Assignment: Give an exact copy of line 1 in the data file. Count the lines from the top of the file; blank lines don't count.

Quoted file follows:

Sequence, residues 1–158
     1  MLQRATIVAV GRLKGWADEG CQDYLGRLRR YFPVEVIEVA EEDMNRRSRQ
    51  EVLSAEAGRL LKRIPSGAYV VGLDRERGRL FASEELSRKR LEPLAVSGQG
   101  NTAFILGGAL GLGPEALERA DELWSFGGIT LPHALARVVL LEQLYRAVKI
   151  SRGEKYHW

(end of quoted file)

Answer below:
Sequence, residues 1–158